‘Murder or suicide. My father the king is recalling me to Ruritania, but first I am to go to Ludwigsburg to investigate the death. The body is being kept for me to view before it is coffined and moved back to Glottenburg for the burial. Now, don’t think for a moment that I expect you to accompany me. I’ll be off at Stefansfest. You can join me in Strelsau in a couple of weeks as we had planned.’


Freddie was still musing on the news from Germany as he sat in the rectory pew in Burlesdon church for the Christmas morning service. It was the first time he had attended a service since he had left Munich, where he had loyally frequented George Dunbar’s weekly Anglican liturgies in a room hired by the embassy. George had managed to collect quite a large congregation in the end, including a number of Munich’s large Huguenot community. He preached in German rather than English, which was a further recommendation to outsiders.

Christmas at home was quite a welcoming occasion for Freddie, bringing back so many memories, and none more so than the church. That Christmas morning it was as usual decked in boughs of evergreen and wreaths of holly, and took him back to the Christmases of his childhood.

St Lawrence Burlesdon was a fine church, one of the greater churches of East Anglia, built in fifteenth-century Perpendicular, with windows of a spectacular size which flooded the large church with light. The garlanded box pews and galleries were full that morning, and the singing was appropriately joyous. The large Hall pew in the south transept was of course empty, but Freddie reflected that next year it would be occupied by a Protestant countess of Burlesdon, a subject which had his mother very excited. He was however unable to satisfy her curiosity about the future Lady Burlesdon, other than she was reputed to be a very beautiful woman.

The Revd Winslow was a preacher in the old style, which meant that when he mounted his pulpit the hourglass in front of his lectern would be turned at least once by the parish clerk before he finished. Not that what he preached was by any means tedious, and his son and the more educated of his parishioners valued the learning on display. But the children in the gallery reserved for the parish day school were soon abstracted or dozing. Freddie had a good view of their suffering, as the rectory pew was to the right of the pulpit and facing the south aisle gallery, where the children and the parish choir sat. Only one child seemed to be intent, a servant boy in a red livery coat. Freddie trawled his memory and seemed to recall that the servants of the Rassendyll Arms wore red.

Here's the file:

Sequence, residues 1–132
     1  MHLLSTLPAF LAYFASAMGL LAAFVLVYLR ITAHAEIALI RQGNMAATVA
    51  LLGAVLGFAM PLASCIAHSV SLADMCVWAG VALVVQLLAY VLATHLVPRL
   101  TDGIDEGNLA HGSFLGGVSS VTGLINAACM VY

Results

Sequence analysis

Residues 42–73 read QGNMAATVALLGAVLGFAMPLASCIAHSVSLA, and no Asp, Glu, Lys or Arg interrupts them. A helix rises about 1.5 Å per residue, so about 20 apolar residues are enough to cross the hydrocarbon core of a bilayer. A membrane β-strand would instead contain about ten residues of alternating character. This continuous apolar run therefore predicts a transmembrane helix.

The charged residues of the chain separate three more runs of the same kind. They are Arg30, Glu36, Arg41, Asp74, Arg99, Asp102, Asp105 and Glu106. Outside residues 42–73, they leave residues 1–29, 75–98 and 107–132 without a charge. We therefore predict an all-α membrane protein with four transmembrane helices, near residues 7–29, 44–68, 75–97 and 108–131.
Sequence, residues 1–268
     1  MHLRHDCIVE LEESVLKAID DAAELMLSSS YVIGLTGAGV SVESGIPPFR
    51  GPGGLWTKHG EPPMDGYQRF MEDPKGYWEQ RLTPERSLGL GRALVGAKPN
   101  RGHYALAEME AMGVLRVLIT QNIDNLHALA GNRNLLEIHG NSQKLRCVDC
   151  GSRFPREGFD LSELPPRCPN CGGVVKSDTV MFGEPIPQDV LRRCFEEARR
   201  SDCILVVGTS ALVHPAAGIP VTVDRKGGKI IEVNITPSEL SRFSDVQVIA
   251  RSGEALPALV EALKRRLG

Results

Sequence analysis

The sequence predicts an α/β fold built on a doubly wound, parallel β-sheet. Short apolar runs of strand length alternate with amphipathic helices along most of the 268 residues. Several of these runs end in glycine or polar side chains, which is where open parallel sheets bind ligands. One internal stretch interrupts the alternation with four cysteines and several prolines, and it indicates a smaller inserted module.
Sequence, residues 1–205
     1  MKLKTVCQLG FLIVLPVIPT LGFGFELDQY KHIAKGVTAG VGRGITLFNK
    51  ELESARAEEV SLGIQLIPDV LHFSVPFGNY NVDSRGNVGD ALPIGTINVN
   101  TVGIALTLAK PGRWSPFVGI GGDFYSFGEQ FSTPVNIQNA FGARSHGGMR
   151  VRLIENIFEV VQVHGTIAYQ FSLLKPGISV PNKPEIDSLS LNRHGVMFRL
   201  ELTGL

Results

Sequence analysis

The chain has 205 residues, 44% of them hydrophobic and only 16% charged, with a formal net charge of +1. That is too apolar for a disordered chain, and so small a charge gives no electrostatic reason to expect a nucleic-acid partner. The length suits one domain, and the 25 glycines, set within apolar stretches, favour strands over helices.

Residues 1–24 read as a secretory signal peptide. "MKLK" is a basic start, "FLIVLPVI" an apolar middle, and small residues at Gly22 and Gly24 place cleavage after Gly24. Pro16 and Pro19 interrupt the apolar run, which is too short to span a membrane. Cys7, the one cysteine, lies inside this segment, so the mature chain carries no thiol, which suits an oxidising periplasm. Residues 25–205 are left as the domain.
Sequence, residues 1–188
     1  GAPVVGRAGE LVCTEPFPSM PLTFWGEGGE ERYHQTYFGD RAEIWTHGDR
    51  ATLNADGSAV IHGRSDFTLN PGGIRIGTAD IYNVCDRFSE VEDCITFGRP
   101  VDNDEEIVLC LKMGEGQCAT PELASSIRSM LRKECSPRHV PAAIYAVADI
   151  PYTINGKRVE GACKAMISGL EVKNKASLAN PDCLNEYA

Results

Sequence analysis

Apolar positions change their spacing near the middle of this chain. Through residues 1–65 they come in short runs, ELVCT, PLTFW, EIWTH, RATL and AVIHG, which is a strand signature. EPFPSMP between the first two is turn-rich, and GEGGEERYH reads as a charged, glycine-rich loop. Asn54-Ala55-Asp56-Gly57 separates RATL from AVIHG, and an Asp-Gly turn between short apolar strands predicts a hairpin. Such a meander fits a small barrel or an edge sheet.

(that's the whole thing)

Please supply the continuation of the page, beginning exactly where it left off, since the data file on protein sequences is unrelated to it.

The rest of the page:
The service ended and families trooped off through the churchyard after shaking the rector’s hand at the south door. Freddie kicked his heels waiting for his father at the lychgate, also offering Christmas wishes to the parishioners as they passed. One of the last to leave the church was the boy in red, who skipped happily down the path with a couple of other children with whom he was laughing and joking. When he reached Freddie he waved goodbye to the other children and grinned up at the man. He was a remarkably handsome specimen, with thick dark hair and eyes of a most striking blue. He may have been ten years of age. His livery coat was old-fashioned, cut in the fashion of the last century.

‘Hello!’ he said.

‘Merry Christmas, youngster,’ Freddie replied with a smile. ‘Do I know you?’

‘No,’ came the reply. ‘But I think you’ve heard of me.’

‘Are you at the Rassendyll Arms?’ Freddie asked.

The boy looked puzzled, and then shrugged. ‘No. What I meant is that we have a friend in common. Little Staszek. I’m Jonas.’